Beverly “Guitar” Watkins, Live in Paris
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Album cover credit: Mark Austin
“Lord Hold My Hand”
Albert Smith, Big Belly Mama
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Beverly “Guitar” Watkins
Few people outside Atlanta, Georgia, remember a rhythm and blues artist named Piano Red. But those who do know of him believe that Red’s barrelhouse piano style paved the way for the success of artists like Ray Charles. Red was the first blues musician ever to hit the pop charts with his 1950 recording, “Rocking With Red.”
Beverly “Guitar” Watkins was Red’s guitar player beginning in 1959. “I was a senior in high school when I started playin’ with Piano Red,” Watkins once said. “I started travelin’ before I graduated. Piano Red would go to the principal and get permission so I could take my lessons on the road.” Beverly played with Red until 1965, when Red’s band, which had gone by several different names as they toured nationally, broke up. In the years that followed, she played with a host of different musicians, including greats such as James Brown, B.B. King, and Ray Charles.
It was in 1995 when Music Maker first crossed paths with Beverly. She was playing one of her regular gigs in Underground Atlanta, an entertainment district built in the viaducts beneath the center of downtown. Beverly’s style was extraordinarily flashy, and one of her trademarks was playing her guitar behind her head. Soon after, Music Maker began working with this fierce Southern grandma, and got her touring and playing package shows, including a 1998 revue called Women of the Blues: “Hot Mamas.” A year later, we released her first solo album, “Back in Business.” When the great Taj Mahal heard Beverly he fell in love with her playing and took her on a 42-city tour with him. We’ll always remember Beverly “Guitar” Watkins’ flash, her sass, and her extraordinary guitar playing.
If you ran across Beverly “Guitar” Watkins playing at Underground Atlanta, you might never know that she was a guitar veteran who had been in the trenches with Piano Red, James Brown, B.B. King, and Ray Charles. By the time these recordings were made in 2012, Watkins had regained some of her notoriety with a string of groove-heavy albums for Music Maker that focused on her stellar songwriting. The bulk of these songs is original material, with one reprise of Ray Charles’ “What’d I Say.”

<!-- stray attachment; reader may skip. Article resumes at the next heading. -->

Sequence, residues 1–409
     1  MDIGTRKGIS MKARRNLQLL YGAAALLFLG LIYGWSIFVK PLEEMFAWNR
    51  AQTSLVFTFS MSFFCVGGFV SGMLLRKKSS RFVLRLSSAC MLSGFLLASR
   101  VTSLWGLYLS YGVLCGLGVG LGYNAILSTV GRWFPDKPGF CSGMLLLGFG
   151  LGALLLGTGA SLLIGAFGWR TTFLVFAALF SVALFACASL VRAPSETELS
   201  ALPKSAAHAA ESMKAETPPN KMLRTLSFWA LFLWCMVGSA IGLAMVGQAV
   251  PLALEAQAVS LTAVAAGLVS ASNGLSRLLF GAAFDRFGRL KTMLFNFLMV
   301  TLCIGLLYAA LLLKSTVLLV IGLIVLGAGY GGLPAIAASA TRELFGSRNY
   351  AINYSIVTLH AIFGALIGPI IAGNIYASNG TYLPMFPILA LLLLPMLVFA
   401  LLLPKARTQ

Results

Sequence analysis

On this fiery set recorded in Paris, Watkins is backed by vets, including rhythm guitarist Albert White (Elvin Bishop, Clarence Carter, Ben E. King, Ray Charles, Joe Tex), keyboard player Eddie Tigner (formerly of The Ink Spots), and Lil Joe Burton (Bobby Womack, Otis Clay, B.B. King).
Everywhere she played, from Atlanta taverns to Lincoln Center, Beverly “Guitar” Watkins was beloved, but in few places was she more treasured than in France. Listening back a decade later, one can imagine Watkins slinging her guitar behind her head and giving an all-out, wild, sweaty performance to an admiring crowd.
When you talked with Albert Smith, you’d find him a gentle, soft-spoken man. But when he sat down at the piano and began to play and sing, he transformed. He played in a rollicking, barrelhouse style. When he sang the gospel or blues, it brought out of him shouts that sounded as if they came straight from the bottom of his soul.
Born in 1912 in Rembert, South Carolina, Albert began playing piano when he was 15 years old on an instrument his parents bought him from the Sears, Roebuck & Co. catalog. For his entire life, he lived on his family’s farm in Rembert. He made his living playing music In church and teaching piano lessons.
When we met Albert, he was still playing his first piano, but it would no longer stay in tune. The following week, Music Maker sent him a good used piano. He loved it. Albert was offered shows all over the country, but he refused every one. “I’m not much for traveling,” he said. “I like being around home.”
About Music Maker Foundation
Music Maker Foundation, a nonprofit organization, preserves and promotes the musical traditions of the American South which celebrates its 25th anniversary in 2019. Since 1994 they have partnered with senior roots musicians living in poverty, sustaining their day-to-day needs while building their careers. Through Music Maker, our rich musical heritage will not be lost with the passing of time. Music Maker has been featured on PBS NewsHour, NPR Weekend Edition and CBS Evening News and has assisted hundreds of musicians. In February, 2019, Z2 will release a graphic novel in partnership with Music Maker; Music Maker will release a 25th anniversary music album; and Tim Duffy will release his third book of photographs and words entitled Blue Muse, published by UNC Press and the New Orleans Museum of Art. More information on Music Maker and their anniversary is available at musicmaker.org/mmrf25/